Searching for Didi Kuhbauer: the Mysterious Austrian Legend You’ve Never Heard OfPhoto by Phil Cole/Getty Soccer Features
In the fall of 2016, Christian Fuchs wrote an article in the Players’ Tribune on his successful season at Leicester City. You already know the fairy tale. Claudio Ranieri ordered pizza parties after wins, and Leicester stormed to a shocking Premier League trophy. Yet one line of Fuchs’ article intrigued me: a name I didn’t recognize. Dietmar “Didi” Kuhbauer.
In his early years, Fuchs played a handful of seasons with a-then-aging Kuhbauer, but spoke highly of him. Apparently, Kuhbauer was a legend in Austria, one I’d never heard of. Even great international publications like In Bed With Maradona or The Blizzard didn’t have a piece on Kuhbauer.
Thus, I resolved to find out all I could about Kuhbauer and share his story with the rest of the world.
As a disclaimer, I don’t speak German. English language internet searches for Kuhbauer turned up zilch. Google. Yahoo. Even Lycos, Hotbot, and Altavista were more worthless than usual. I asked Jeeves; he had no reply. All I had to go on was a bare bones Wiki-page.
From there I read match reports from his games for Rapid Vienna and the national team to track down old Youtube clips of the games. I couldn’t understand the German-speaking announcers, but I could sense the emotion in their voices watching him play.
Kuhbauer played for Austria during some dark times for the national team. In 1992, they lost to the Faroe Islands. In 1996, the team started very poorly in their Euro qualifying group. That’ however is when “Didi” came into the picture. In Kuhbauer’s first qualifier, Austria destroyed Latvia 5-0. He then scored the first goal in a 7-0 rout over Lichtenstein.
He also started in two 3-1 wins over Ireland in Dublin and Vienna, games that left a scar on the Emerald Isle. Though Austria played spoilers, they missed out on qualifying by a single point. The 1-1 tie with Portugal and the last minute loss to Latvia were missed opportunities.
Two years later, however, Austria qualified for France 98. They ended up in a group with Italy, Chile, and Cameroon. Didi was at the peak of his powers and started all three games. You can see the Cameroon game in its entirety here. I watched all three matches.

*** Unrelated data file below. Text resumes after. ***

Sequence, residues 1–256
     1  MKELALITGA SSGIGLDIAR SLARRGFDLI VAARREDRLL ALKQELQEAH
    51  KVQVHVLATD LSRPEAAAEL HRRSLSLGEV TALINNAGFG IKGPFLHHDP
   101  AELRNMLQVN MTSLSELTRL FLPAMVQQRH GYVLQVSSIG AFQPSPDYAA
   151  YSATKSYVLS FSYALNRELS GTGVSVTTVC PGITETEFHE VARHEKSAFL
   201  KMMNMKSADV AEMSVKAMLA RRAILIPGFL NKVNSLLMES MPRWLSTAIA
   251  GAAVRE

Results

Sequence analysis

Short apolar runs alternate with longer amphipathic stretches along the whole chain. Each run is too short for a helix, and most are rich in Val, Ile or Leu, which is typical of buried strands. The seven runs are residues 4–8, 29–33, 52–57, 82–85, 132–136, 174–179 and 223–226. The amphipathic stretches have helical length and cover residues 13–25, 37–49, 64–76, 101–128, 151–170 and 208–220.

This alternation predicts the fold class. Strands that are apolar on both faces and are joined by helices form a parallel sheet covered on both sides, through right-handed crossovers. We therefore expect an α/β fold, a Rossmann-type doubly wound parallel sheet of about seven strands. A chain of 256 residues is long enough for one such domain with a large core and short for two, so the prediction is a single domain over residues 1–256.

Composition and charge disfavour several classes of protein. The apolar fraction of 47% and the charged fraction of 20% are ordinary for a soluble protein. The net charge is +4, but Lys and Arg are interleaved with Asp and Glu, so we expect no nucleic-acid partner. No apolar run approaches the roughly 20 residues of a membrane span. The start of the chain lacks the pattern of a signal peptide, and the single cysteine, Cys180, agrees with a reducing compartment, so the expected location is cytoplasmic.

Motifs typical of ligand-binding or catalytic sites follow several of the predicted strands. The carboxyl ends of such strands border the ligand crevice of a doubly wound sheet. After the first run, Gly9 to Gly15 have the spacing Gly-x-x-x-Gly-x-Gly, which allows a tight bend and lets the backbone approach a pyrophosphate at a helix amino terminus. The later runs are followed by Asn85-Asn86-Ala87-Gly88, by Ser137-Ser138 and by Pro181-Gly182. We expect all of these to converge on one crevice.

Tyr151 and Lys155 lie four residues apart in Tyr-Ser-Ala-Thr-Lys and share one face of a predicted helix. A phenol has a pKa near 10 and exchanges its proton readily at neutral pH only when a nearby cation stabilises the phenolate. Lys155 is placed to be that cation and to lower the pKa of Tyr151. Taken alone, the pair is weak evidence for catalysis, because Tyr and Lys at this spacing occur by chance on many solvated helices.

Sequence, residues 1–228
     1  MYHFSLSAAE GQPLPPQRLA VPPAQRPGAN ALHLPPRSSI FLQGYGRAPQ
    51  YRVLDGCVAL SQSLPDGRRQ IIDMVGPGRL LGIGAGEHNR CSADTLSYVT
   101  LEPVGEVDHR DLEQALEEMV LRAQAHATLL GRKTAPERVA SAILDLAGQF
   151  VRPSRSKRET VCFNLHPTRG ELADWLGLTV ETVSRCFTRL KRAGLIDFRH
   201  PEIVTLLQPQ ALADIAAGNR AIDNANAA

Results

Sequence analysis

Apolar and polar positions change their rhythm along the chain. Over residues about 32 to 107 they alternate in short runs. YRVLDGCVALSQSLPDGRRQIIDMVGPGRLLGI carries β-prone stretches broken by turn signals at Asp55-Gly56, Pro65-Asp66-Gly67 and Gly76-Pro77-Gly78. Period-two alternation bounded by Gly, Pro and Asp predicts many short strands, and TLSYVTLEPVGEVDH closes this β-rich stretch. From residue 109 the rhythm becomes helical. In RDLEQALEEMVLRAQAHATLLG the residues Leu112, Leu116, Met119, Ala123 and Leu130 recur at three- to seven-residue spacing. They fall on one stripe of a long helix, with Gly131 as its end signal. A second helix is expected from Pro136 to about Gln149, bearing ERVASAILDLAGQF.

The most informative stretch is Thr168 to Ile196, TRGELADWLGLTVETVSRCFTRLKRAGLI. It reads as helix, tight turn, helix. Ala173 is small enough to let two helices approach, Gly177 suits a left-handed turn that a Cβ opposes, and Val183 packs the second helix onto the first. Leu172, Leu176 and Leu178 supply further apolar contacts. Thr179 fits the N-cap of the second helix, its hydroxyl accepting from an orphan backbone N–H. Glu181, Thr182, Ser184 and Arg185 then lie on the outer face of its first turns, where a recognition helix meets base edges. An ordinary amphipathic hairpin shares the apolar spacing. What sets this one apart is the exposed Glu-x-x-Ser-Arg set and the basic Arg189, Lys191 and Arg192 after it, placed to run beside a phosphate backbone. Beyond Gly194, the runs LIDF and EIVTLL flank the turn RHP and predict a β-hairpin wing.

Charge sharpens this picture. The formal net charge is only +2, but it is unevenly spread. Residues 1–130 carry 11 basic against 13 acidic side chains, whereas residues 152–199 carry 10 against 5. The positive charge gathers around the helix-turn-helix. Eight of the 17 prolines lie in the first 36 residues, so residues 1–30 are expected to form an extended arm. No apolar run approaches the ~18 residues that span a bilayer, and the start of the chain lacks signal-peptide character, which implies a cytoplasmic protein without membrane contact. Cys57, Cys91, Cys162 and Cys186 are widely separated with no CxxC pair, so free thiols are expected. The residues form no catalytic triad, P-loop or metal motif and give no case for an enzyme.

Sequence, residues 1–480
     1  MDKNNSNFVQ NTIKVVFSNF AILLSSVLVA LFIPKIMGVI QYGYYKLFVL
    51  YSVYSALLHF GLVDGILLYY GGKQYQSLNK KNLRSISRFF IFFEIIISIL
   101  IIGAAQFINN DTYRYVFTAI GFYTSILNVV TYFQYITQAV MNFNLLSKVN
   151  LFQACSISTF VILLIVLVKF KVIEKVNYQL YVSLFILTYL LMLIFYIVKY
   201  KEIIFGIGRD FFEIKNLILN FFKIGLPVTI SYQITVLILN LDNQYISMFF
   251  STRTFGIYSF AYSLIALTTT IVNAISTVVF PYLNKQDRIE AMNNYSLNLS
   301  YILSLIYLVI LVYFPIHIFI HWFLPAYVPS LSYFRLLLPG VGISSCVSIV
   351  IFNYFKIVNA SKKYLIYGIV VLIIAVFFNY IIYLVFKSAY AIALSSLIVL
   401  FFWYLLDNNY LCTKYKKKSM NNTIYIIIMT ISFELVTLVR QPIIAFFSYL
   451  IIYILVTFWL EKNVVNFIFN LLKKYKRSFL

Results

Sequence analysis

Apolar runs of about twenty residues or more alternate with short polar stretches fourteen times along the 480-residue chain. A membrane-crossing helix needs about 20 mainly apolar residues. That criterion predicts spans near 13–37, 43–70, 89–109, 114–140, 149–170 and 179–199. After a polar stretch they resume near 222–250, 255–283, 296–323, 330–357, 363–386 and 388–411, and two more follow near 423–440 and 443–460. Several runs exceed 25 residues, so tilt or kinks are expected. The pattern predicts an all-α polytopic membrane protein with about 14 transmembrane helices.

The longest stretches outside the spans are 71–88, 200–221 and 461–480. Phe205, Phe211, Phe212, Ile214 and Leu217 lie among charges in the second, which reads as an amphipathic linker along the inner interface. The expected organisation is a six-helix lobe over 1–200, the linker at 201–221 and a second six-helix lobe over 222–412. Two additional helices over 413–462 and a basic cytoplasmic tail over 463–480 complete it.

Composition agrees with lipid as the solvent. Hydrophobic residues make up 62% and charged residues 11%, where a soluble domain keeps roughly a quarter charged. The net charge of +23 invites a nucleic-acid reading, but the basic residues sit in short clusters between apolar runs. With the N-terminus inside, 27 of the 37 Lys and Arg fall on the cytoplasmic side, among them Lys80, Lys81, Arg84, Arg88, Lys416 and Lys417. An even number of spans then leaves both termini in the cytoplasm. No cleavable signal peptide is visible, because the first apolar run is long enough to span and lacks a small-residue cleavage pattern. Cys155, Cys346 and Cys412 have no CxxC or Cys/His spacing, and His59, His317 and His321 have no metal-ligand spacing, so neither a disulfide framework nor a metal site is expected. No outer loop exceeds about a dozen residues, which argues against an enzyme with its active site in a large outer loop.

In many ways, Didi’s style epitomized the 1990s. He was a box-to-box midfielder in a four-four-two, the ubiquitous formation of that era; he was a hard runner and harder tackler. Still, it wasn’t all about brawn. Kuhbauer was ambidextrous and loved to play lightning-quick rolling passes on the ground to a forward’s feet. He had a nose for danger, often sprinting back 40 yards to commit a smart foul and snuff out a counterattack.
It was all for naught. Despite drawing the first two games vs. Cameroon and Chile, Austria lost to Italy in the last group stage game and failed to advance. Worse, the team failed to qualify for the next European Championship and the next World Cup. Didi was a lone bright spot during a forgettable era for the Austrian national team.
He did enjoy some success at the club level. Didi played for Rapid Vienna from 1992-1997, and won the Austrian Championship and Austria Cup once each. Historically, this was a bit of a barren patch for the club, but it was more than compensated by an exciting run in Europe for the 1996 UEFA Cup Winner’s Cup.
With Kuhbauer winning tackles and providing assists, Rapid Vienna made it to the final, no easy task. Their first challenge along the way was a home-and-away series with Sporting Lisbon. Sporting won the first game 2-0, but Rapid Vienna won the second leg 4-0 at home to advance.
Didi scored the opening goal with a dashing, late run and rocket of a shot after a nice square pass. This was a Frank Lampard moment before anyone knew who Frank Lampard was. Kuhbauer would also whip in a delicious, bending cross for the third and deciding goal. The club then made short work of Dynamo Moscow in the quarterfinals and faced Dutch club Feyenoord in the semis. Didi did not play in the opening draw, but returned to the starting lineup for the 3-0 win at home.
Didi, of course, sent in the corner for the opening goal in that home win.
In the final, they faced the then not-very-rich Paris St. Germaine. You can watch the match video here. Rapid Vienna lost the game 1-0, but the deep run was a consolation prize after the national team failed to qualify for the Euros.
Didi left Rapid Vienna in 1997 and played a few more seasons in Spain and Germany before returning to play for his childhood club, SV Mattersburg, where he retired. He enjoyed some success as a coach, leading Austrian Club Trenkwalder Admira to promotion and also coached recently promoted Wolfsberger for two years.
Still, the verdict on Didi is “legend in Austria” but “almost famous” everywhere else. With better teammates, could Austria have qualified for the 96 Euros or advanced at the World Cup? Could Rapid have knocked off PSG in that cup final? These are the hypotheticals for all the big fish stuck in little ponds, the Landon Donovans and the Kuhbauers beloved by their countrymen (and women) but unknown to the rest of the world.
My favorite clip of Didi online is a shot of him running down the field with the ball at his feet near the end of a game. Rapid were ahead in the derby, the game was ending, and the other team’s goalie had come up to try and head a corner. Instead, Rapid countered and Didi head faked a pass to freeze a defender before slotting the ball into an empty net.
It was a dick move, but what else would you want/expect from a cocky box-to-box 90’s midfielder?
Elliott yells about soccer on Twitter. You can find out about his new soccer novel here.